The first, conducted by the International Food Information Council (IFIC), found that 59% of the 1,003 US adults surveyed were “not concerned” about their sodium intake, despite the fact that most Americans are consuming twice as much sodium as recommended.
Meanwhile, 70% did not know what the dietary guidelines for sodium were.
Although respondents with high blood pressure were slightly more clued up, more than half (56%) of this more vulnerable group still didn’t know what sodium guidelines were, which was surprising given the amount of media attention devoted to sodium reduction in recent years, admitted IFIC.
While 38% agreed limiting sodium was an important factor in a healthy diet, far more felt eating more fruits and vegetables (70%), limiting sugar (48%) and monitoring calories (45%) were more important. A significant proportion (39%) also believed taste suffered when sodium was reduced.
A significant proportion of people don’t think they need to do more
The second survey – of 754 US adults conducted by Mintel International for the American Dietetic Association (ADA) – also showed high levels of complacency amongst consumers, admitted ADA spokesperson Jeannie Gazzaniga-Moloo.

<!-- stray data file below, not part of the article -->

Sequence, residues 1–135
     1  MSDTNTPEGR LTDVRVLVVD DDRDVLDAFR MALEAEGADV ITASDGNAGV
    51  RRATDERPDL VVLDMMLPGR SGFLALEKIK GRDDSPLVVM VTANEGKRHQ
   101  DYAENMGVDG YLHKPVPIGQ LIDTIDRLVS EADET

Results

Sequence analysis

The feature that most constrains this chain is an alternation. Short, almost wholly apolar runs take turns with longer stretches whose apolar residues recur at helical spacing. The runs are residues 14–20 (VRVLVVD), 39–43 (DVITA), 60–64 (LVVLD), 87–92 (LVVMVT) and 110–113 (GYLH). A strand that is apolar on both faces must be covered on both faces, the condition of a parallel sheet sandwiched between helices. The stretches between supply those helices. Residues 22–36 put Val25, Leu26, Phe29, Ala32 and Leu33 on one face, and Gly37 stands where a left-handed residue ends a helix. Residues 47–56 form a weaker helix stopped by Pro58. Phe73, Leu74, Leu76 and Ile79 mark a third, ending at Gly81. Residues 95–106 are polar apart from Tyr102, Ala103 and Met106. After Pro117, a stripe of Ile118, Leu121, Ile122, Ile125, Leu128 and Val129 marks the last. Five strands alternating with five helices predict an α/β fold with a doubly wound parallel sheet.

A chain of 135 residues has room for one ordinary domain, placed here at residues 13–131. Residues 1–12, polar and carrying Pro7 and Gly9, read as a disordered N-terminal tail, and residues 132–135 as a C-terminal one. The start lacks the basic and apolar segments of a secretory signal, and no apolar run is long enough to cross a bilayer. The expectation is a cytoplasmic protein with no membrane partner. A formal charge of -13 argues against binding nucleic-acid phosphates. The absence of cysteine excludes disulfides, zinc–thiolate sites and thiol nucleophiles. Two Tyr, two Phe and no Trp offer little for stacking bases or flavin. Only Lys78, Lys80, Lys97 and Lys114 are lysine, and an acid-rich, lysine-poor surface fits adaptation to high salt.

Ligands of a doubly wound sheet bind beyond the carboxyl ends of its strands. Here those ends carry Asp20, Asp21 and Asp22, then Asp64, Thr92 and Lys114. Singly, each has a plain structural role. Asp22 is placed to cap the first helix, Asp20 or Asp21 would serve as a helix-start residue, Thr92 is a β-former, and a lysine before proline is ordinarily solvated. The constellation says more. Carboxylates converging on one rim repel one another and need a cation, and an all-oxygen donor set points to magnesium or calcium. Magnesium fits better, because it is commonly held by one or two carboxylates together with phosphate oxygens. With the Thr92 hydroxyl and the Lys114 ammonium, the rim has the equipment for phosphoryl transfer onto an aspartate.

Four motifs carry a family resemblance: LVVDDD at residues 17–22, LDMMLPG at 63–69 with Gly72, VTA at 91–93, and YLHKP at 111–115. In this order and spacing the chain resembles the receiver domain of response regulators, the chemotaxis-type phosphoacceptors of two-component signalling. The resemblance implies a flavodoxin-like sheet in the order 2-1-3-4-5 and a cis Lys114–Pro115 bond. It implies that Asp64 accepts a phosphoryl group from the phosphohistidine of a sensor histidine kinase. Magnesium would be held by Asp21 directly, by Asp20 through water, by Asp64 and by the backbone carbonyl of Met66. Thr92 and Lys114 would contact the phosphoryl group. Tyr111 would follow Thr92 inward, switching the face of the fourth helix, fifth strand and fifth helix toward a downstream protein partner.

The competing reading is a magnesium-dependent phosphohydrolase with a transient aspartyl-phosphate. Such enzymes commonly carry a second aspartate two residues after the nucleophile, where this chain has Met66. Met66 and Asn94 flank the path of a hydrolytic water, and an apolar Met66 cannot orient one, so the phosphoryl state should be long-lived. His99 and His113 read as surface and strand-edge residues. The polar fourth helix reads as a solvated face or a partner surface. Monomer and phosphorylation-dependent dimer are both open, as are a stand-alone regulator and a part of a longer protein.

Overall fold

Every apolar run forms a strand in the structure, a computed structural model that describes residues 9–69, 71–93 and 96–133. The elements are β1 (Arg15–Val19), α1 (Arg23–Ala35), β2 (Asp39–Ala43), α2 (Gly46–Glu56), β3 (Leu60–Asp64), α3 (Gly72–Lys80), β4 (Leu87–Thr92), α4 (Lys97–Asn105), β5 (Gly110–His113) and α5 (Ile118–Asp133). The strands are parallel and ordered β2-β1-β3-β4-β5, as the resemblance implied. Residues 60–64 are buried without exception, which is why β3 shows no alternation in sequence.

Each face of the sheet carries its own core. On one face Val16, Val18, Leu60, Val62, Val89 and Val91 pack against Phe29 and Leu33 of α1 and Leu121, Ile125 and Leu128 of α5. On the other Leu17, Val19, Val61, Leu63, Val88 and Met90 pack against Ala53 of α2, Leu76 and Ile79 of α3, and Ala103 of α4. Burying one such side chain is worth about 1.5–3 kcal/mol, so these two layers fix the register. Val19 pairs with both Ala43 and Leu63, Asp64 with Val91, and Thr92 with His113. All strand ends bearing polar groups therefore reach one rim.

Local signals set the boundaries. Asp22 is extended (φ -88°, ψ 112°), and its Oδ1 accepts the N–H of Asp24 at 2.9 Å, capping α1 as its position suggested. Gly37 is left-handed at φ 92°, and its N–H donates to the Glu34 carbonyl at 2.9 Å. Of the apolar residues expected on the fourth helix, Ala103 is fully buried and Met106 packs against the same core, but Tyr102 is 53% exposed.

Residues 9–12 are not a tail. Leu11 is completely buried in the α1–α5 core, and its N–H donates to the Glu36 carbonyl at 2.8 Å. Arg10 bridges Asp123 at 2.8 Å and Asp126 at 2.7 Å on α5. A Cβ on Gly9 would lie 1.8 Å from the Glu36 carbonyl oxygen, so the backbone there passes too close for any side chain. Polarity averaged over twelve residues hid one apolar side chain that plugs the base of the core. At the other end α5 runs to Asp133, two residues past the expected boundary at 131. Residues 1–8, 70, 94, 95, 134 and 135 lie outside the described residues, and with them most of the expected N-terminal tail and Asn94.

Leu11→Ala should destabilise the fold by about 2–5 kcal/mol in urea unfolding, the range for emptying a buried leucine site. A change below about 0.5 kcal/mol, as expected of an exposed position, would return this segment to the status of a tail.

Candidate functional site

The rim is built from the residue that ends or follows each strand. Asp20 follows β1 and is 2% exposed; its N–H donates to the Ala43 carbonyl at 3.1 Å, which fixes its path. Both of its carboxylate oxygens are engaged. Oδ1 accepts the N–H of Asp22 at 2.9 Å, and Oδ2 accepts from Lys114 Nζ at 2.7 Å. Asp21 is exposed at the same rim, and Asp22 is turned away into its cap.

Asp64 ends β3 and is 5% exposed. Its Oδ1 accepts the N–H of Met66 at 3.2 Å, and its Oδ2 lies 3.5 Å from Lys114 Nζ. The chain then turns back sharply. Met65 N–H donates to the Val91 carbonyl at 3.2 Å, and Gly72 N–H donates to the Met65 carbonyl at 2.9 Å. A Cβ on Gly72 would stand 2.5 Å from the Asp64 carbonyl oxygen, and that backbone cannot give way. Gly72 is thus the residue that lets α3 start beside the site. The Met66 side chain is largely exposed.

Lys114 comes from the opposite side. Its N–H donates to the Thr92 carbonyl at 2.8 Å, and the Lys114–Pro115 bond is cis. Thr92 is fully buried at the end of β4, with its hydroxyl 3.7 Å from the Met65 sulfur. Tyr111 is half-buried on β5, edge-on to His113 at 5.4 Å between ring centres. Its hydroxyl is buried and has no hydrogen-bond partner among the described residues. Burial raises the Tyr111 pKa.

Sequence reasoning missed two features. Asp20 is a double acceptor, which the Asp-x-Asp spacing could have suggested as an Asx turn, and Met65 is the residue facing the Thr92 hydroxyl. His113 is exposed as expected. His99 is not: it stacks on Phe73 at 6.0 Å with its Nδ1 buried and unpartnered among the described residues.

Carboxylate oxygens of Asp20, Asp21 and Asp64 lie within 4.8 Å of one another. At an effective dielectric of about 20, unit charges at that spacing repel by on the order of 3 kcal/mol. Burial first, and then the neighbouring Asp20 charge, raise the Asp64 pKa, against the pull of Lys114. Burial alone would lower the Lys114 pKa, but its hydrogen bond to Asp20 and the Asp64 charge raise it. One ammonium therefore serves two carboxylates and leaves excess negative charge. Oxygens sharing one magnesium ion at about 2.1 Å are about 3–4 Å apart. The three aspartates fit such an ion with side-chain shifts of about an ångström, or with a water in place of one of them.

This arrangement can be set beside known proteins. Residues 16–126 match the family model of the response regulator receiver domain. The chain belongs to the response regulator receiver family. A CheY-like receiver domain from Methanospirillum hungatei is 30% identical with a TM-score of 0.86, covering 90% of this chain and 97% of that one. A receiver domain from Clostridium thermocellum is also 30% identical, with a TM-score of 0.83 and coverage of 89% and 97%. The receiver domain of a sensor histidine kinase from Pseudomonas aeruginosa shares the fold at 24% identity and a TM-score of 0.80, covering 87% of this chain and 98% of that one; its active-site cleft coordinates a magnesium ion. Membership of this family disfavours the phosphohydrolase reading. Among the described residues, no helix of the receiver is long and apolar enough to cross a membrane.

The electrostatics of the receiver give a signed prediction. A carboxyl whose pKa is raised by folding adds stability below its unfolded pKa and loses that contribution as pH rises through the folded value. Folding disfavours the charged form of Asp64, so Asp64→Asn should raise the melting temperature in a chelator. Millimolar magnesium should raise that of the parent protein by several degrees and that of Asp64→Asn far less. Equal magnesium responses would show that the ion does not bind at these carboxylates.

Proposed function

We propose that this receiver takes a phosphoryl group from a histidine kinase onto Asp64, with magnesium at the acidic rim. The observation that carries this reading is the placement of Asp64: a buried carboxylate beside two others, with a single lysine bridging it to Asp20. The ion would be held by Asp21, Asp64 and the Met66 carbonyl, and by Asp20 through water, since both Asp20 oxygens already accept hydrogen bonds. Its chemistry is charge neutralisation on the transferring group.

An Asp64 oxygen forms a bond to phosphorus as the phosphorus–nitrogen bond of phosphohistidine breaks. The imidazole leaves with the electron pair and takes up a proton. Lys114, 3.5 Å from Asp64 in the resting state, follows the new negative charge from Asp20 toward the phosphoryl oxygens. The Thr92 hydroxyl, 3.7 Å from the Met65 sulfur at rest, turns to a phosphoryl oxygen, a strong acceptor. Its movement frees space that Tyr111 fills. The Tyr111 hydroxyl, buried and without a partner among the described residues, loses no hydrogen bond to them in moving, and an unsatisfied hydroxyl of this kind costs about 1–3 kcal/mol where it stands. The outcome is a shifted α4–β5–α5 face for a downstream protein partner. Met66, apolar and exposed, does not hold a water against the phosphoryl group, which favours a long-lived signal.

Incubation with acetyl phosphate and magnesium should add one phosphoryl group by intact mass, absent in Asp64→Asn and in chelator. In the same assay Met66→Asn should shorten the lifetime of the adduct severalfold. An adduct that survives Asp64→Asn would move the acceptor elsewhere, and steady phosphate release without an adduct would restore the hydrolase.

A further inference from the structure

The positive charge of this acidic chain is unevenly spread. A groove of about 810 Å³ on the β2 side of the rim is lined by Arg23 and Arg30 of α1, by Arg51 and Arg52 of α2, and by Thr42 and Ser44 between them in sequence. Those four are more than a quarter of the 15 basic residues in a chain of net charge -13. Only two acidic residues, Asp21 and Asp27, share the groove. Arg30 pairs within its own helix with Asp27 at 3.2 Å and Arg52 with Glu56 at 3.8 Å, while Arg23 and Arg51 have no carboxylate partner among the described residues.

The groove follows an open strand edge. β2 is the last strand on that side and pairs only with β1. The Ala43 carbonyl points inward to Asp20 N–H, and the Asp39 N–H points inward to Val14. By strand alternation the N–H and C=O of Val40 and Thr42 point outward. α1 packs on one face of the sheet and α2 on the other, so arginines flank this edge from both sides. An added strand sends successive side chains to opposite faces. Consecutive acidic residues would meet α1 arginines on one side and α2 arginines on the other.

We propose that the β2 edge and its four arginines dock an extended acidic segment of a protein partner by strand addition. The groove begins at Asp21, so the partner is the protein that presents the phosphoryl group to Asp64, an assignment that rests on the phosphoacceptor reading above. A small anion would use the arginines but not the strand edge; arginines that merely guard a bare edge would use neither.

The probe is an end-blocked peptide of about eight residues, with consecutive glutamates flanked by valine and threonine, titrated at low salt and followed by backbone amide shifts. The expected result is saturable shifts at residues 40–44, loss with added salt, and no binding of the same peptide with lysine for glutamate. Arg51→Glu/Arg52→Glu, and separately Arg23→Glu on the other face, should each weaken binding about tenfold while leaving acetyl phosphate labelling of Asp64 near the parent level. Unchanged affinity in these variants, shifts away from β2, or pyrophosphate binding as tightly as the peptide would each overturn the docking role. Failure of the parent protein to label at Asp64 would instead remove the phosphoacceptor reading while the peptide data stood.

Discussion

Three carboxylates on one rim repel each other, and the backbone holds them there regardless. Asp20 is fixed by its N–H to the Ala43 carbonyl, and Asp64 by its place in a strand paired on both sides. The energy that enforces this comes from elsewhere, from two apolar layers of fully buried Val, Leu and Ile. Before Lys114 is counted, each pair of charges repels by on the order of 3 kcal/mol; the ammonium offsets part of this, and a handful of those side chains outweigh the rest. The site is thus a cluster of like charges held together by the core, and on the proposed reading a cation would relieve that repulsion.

“The findings [which show 49% of consumers believe they are already doing everything they can to achieve a healthy diet] show a significant proportion of people don’t think they need to do more, despite increasing rates of obesity, diabetes and other nutrition-related health conditions.
“Despite what people say, virtually all indicators show half the American public is not in fact doing all it can to achieve a healthy diet… We need to communicate to everyone the positive message that change is necessary and possible.”
More berries, omega-3s…
On the plus side, 31% of respondents claimed to have increased consumption of low sodium foods in the past five years, although this figure was not actually very high considering that the average American consumed twice the daily recommended amount of sodium, said Gazzaniga-Moloo.
A reasonable percentage also claimed to have increased consumption of berries (48%), low-fat foods (43%), omega-3s (39%) and lower sugar foods (34%) in the past five years.
Where do consumers learn about nutrition?
As to where consumers typically learned about nutrition, TV remained the most popular source, but was closely followed by the internet, which barely featured when consumers were asked the same question a decade ago, said Gazzaniga-Moloo.
“As we move from regularly fact-checked forms of media such as magazine articles to the internet as a primary source for nutrition information, it is becoming increasingly important that consumers learn to distinguish between a nutritionally sound website and a fraudulent one.”